As you can see, when we humans breathe in, we lower that muscle just below our lungs — that’s our diaphragm. When it pulls down, air gets sucked in; when it pushes up, air gets squeezed out. So in effect we’ve got a pump in there, pulling oxygen into our body, sending carbon dioxide out.
But what if you’re a bird? Birds, (we didn’t know this), do it differently.
They don’t have a diaphragm, instead they pump air by inflating and deflating pouches called air sacs, and this creates the suction they need to draw air through their lungs.
But now let’s check out a grasshopper. Do you notice anything unusual?
Yes, it has air sacs to help it breathe, but notice it doesn’t use its mouth, nose, (or ears or anus) to let air in or out. It has no obvious breathing holes. How’s that possible? Where does the air come in?
Well, here’s the weird answer: A grasshopper, it turns out, breathes with its entire body. Eleanor illustrates this in her graphic by making the whole grasshopper flush yellow. And it isn’t just grasshoppers we’re talking about.
Insects (which means the majority of animals on Earth) don’t have lungs. In a sense, they are lungs. You could think of every insect as a walking, flying, hopping lung.
Here’s how it works. If you take a magnifying glass and inspect the surface of an insect, any insect, you’ll find their outsides are punctured by little holes called spiracles. Take this caterpillar, for example.
See those little orange ovals along its middle, that look a little like eyes? Let’s get up close to one of them.
And closer still…
That’s actually a kind of air valve, called a spiracle. The caterpillar can open or shut it this valve, depending on whether it wants to let air in or out. If you had X-ray vision, or a dissecting knife (or if you were lucky enough to chance upon this totally see-through transparent caterpillar) you’d discover that these holes open into a maze-like network of tubes called tracheae that extend into the insect’s body.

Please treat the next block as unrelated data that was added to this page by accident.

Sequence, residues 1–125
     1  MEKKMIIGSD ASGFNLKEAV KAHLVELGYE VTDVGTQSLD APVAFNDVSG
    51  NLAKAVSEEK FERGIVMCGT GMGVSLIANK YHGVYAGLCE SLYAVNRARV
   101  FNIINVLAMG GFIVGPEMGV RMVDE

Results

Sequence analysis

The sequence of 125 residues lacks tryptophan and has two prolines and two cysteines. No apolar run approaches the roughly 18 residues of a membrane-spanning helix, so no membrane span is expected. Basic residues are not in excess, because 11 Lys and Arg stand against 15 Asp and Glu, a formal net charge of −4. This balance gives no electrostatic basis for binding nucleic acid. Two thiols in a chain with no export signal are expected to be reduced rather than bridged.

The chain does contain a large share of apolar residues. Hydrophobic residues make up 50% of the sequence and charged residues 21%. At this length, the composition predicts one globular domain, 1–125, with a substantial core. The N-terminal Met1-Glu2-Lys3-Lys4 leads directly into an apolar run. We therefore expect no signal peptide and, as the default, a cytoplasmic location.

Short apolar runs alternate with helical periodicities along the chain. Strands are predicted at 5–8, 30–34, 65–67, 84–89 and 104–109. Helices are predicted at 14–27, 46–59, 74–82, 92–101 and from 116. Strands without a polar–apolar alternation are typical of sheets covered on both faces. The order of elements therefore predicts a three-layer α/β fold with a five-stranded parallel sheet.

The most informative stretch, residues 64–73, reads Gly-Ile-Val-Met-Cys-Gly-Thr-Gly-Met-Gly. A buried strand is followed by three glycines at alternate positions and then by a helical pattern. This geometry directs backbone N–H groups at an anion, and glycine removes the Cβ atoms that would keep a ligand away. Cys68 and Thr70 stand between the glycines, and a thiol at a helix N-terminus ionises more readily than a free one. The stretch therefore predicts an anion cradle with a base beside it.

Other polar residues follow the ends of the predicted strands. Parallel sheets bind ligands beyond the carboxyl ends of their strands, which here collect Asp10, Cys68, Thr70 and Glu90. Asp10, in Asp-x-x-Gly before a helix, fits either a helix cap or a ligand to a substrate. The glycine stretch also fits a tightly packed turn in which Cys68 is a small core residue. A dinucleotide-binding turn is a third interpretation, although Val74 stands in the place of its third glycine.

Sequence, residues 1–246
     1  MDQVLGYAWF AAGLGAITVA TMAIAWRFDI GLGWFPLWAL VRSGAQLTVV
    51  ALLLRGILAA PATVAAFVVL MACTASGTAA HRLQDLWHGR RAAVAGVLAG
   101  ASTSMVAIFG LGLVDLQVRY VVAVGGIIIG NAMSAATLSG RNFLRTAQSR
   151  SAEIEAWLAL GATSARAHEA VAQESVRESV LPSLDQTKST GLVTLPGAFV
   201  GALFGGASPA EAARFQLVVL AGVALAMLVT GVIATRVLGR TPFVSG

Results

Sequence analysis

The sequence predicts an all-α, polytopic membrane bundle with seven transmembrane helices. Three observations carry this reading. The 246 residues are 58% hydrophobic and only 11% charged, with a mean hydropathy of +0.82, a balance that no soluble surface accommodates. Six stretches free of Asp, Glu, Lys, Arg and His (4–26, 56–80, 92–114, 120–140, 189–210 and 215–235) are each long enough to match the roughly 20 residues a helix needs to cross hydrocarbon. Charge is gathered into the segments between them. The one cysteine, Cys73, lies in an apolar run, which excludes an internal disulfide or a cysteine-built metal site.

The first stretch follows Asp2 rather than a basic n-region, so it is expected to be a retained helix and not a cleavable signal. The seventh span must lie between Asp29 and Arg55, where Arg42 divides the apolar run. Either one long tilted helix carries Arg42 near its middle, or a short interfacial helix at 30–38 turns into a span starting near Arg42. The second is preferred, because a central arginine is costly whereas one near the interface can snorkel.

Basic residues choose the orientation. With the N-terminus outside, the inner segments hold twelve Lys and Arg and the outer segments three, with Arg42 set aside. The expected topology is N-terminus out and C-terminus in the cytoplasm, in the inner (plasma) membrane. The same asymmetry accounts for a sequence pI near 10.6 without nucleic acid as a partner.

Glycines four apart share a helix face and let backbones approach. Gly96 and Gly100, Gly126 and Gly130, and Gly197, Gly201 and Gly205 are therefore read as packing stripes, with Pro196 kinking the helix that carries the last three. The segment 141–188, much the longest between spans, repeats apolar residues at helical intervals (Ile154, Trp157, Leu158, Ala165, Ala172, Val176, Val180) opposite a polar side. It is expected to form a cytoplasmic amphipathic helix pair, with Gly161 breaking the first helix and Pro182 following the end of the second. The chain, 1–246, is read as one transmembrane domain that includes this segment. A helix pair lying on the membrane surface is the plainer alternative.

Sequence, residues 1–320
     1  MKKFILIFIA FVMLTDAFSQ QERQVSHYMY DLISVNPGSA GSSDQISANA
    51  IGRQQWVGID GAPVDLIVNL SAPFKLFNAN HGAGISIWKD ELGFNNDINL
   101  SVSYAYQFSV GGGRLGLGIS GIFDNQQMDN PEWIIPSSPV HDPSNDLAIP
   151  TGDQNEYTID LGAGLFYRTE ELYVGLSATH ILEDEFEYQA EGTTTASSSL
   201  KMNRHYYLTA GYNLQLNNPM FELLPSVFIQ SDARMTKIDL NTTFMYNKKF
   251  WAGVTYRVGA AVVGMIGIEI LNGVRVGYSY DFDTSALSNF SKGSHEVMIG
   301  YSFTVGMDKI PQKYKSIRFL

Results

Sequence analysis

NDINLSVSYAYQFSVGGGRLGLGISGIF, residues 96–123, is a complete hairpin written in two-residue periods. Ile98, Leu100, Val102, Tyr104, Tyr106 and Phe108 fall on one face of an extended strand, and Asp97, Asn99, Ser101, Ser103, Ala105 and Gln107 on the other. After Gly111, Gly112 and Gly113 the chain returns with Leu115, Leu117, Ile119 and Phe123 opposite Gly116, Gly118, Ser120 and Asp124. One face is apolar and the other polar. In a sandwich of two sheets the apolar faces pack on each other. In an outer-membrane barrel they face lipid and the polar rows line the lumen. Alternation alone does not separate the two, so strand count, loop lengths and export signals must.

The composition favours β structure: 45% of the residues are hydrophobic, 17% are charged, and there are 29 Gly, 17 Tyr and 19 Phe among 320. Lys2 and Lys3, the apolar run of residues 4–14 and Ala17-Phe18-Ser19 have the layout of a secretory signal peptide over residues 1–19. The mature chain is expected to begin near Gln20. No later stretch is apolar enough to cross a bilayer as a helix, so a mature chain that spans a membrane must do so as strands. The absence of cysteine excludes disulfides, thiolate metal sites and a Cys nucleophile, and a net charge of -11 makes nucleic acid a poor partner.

Oxygen wanders in through these spiracles (you can see the openings — that line of glowing dots that look like subway stops along the length of the caterpillar), and then drifts into a labyrinth of tubes that branch out into smaller and smaller tubes, until finally, at the teeny-tiny tips, the oxygen reaches the end of its branching journey, arriving at the insects cells.
In contrast, our bodies have a circulatory system pumping blood to get oxygen from our lungs to our cells. But in insects, there’s no blood involved in oxygen’s journey. Instead, the oxygen just floats all the way, right up to the cells’ doorsteps.
To ventilate their insides, bigger insects must actively breathe in and out, pulsing their abdominal muscles, as you see here.
But tinier insects barely budge. They breathe in a lazier way. Instead of pulsing their body, they just open their pores and sit there, like opening windows in a living room. Then they wait for the air to just… drift in.
Wait a second! WAIT A SECOND!!!
We’re writing an essay here about breathing. Breathing feels like it should be a physical act, something your body does, not just opening a body hole and thinking “come on in.” It can’t be that passive.
What’s more, says Aatish (he’s the one of us with a PhD in physics), if you know a little about the physics of air, you have good reasons to find this drift-in style of breathing – just open your pores and let the air in – more than a little puzzling. Which is why we should have…
A Short Conversation About Oxygen
Aatish: OK, Robert, I want you to close your eyes.
Aatish: Just do this.
Robert: Ok. They’re closed.
Aatish: Now I want you to imagine the oxygen floating in the air around you.
Aatish:: …and tell me what you imagine.
Robert: I see a molecule. Two little O’s linked together, and they’re whizzing around, like from from the window to my neck, and then… I don’t know… they bounce off my neck and ricochet from me to… to you, to your ear.